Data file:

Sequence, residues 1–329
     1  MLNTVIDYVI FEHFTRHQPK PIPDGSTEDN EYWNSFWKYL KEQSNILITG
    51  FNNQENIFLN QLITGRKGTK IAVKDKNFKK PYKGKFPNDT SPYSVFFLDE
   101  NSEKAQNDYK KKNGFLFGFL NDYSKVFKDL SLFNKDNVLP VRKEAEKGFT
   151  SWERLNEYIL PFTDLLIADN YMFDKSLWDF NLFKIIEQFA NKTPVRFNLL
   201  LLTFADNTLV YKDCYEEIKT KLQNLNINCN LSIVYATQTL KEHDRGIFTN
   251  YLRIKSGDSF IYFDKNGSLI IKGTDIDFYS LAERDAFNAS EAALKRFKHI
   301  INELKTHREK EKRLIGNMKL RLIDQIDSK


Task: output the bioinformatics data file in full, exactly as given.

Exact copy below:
Sequence, residues 1–329
     1  MLNTVIDYVI FEHFTRHQPK PIPDGSTEDN EYWNSFWKYL KEQSNILITG
    51  FNNQENIFLN QLITGRKGTK IAVKDKNFKK PYKGKFPNDT SPYSVFFLDE
   101  NSEKAQNDYK KKNGFLFGFL NDYSKVFKDL SLFNKDNVLP VRKEAEKGFT
   151  SWERLNEYIL PFTDLLIADN YMFDKSLWDF NLFKIIEQFA NKTPVRFNLL
   201  LLTFADNTLV YKDCYEEIKT KLQNLNINCN LSIVYATQTL KEHDRGIFTN
   251  YLRIKSGDSF IYFDKNGSLI IKGTDIDFYS LAERDAFNAS EAALKRFKHI
   301  INELKTHREK EKRLIGNMKL RLIDQIDSK